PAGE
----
Monday, June 25, 2012


Care for life from its beginning to its natural end

March 2005 was a month of historical significance not only for the Catholic world but for the entire community of nations. Everything seemed hushed as we lived quietly under the lengthening shadow of the final days of the illness and death of our beloved elderly Pope John Paul II. The next weeks would hold both intense mourning and jubilant celebration on a scale, according to the media, heretofore unknown in world history. 

My Confirmation into the Catholic Church just prior to my 80th birthday coincided with those last days of the life of Pope John Paul II and within a few weeks of the election of Pope Benedict XVI.
The previous September JP II had written the following message calling for increased respect of the elderly, his projected theme for Lent 2005. It was published in English, French, Italian, German, Spanish, Portuguese, and Polish. Excerpts from it follow.

The Pope used the words of Moses taken from Deuteronomy 30:20: "Loving the Lord...means life to you, and length of days." He wrote, “These words of Moses invited the people to embrace the Covenant with Yahweh in the country of Moab 'that you and your descendants may live, loving the Lord, your God, obeying His voice, and cleaving to Him'." "I ask you to deepen your awareness of the role that the elderly are called to play in society and in the Church, and thus prepare your hearts for the loving welcome that should always be reserved for them." 

“Thanks to the contribution of science and medicine, one sees in society today a lengthening of the human life span and a subsequent increase in the number of elderly. This demands a more specific attention to the world of so-called 'old age', in order to help its members to live their full potential by placing them at the service of the entire community. The care of the elderly, above all when they pass through difficult moments, must be of great concern to all the faithful, especially in the ecclesial communities of Western societies, where the problem is particularly present."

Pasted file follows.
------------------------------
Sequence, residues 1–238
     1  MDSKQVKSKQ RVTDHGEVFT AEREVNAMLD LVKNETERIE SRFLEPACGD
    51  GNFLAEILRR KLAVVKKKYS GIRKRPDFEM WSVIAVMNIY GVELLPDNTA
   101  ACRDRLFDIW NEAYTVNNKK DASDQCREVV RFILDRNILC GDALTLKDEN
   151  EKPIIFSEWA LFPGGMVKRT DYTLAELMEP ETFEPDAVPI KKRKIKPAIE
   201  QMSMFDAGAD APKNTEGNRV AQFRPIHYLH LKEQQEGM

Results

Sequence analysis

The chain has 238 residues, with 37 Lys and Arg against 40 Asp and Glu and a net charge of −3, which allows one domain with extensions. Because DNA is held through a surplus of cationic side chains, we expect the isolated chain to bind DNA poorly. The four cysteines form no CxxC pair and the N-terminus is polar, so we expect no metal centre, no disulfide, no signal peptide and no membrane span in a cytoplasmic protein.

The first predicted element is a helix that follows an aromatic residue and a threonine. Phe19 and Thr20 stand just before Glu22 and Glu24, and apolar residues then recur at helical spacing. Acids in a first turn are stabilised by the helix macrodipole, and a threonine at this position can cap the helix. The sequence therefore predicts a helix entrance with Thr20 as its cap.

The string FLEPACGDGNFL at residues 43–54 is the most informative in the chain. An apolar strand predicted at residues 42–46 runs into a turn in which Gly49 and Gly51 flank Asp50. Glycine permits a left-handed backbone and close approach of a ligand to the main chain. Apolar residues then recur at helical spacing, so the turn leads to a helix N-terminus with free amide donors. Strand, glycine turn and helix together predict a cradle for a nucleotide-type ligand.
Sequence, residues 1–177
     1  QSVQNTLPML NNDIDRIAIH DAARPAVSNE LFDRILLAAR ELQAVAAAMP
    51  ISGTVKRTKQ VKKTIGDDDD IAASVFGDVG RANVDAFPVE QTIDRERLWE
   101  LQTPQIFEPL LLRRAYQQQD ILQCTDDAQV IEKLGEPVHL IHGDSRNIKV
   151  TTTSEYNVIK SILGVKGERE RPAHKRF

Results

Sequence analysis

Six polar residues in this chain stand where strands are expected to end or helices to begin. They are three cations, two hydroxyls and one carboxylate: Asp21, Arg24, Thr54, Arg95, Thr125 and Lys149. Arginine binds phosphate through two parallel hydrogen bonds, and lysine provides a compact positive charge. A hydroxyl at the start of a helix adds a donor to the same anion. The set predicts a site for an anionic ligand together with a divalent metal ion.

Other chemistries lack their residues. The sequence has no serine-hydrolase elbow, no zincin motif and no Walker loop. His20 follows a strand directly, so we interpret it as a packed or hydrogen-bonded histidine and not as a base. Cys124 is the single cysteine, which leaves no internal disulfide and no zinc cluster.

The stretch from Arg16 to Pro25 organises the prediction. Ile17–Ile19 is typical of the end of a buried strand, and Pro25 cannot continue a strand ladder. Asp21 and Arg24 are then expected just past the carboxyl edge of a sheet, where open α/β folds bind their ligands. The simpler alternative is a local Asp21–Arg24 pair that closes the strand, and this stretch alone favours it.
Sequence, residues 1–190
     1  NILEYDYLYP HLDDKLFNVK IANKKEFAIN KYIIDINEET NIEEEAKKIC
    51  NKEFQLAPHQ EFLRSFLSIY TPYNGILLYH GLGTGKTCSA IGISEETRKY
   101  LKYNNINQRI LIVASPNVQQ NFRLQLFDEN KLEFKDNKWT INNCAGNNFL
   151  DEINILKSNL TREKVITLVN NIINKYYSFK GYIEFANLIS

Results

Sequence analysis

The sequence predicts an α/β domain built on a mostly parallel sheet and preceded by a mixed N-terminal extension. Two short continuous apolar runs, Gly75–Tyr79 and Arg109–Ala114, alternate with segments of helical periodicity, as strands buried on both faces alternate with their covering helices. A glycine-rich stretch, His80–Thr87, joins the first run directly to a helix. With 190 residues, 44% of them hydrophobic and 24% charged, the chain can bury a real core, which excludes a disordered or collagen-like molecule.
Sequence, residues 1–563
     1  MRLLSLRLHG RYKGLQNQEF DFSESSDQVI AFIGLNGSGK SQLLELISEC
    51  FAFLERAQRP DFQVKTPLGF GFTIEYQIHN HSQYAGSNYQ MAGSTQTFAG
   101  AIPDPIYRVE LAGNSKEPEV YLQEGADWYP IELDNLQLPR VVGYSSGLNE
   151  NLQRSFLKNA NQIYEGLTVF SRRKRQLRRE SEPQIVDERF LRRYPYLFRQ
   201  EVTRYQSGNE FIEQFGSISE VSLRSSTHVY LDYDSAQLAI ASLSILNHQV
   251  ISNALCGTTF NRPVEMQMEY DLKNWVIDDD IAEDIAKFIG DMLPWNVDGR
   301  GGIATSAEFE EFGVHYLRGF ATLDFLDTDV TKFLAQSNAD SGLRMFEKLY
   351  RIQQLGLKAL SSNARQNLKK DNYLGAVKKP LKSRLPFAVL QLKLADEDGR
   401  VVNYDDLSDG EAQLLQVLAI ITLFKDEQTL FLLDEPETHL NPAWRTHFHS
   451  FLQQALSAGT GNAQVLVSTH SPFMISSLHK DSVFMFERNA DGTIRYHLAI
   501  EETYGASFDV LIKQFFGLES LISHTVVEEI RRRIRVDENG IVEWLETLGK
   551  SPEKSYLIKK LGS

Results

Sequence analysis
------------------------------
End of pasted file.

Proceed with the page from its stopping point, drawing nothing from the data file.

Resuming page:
"Human life is a precious gift to be loved and defended in each of its stages. The Commandment, 'You shall not kill', always requires respecting and promoting human life, from its beginning to its natural end. It is a command that applies even in the presence of illness and when physical weakness reduces the person's ability to be self-reliant."

“The elderly need to be understood and helped in this perspective. I wish, here, to express my appreciation to those who dedicate themselves to fulfilling these needs, and I also call upon other people of good make their own personal contribution."

“It is necessary to raise the awareness in public opinion that the elderly represent, in any case, a resource to be valued." 

For this reason, economic support and legislative initiatives, which allow them not to be excluded from social life, must be strengthened." 

"In truth, during the last decade, society has become more attentive to their needs, and medicine has developed palliative cures that, along with an integral approach to the sick person, are particularly beneficial for long-term patients."

Knowledge of the nearness of the final goal leads the elderly person to focus on that which is essential, giving importance to those things that the passing of years do not destroy."

Precisely because of this condition, the elderly person can carry out his or her role in society. If it is true that man lives upon the heritage of those who preceded him, and that his future depends definitively on how the cultural values of his own people are transmitted to him, then the wisdom and experience of the elderly can illuminate his path on the way of progress toward an ever more complete form of civilization."

“What would happen if the People of God yielded to a certain current mentality that considers these people, our brothers and sisters, as almost useless when they are reduced in their capacities due to the difficulties of age or sickness?" 

“Instead, how different the world community would be, if, beginning with the family, it tries always to remain open and welcoming towards them."

In view of the threat presently on the American scene to suppress our Christian freedom to care for the young and the old and the physically and mentally ill through our Catholic institutions, how relevant and timely are these admonitions of Blessed John Paul II!

No comments: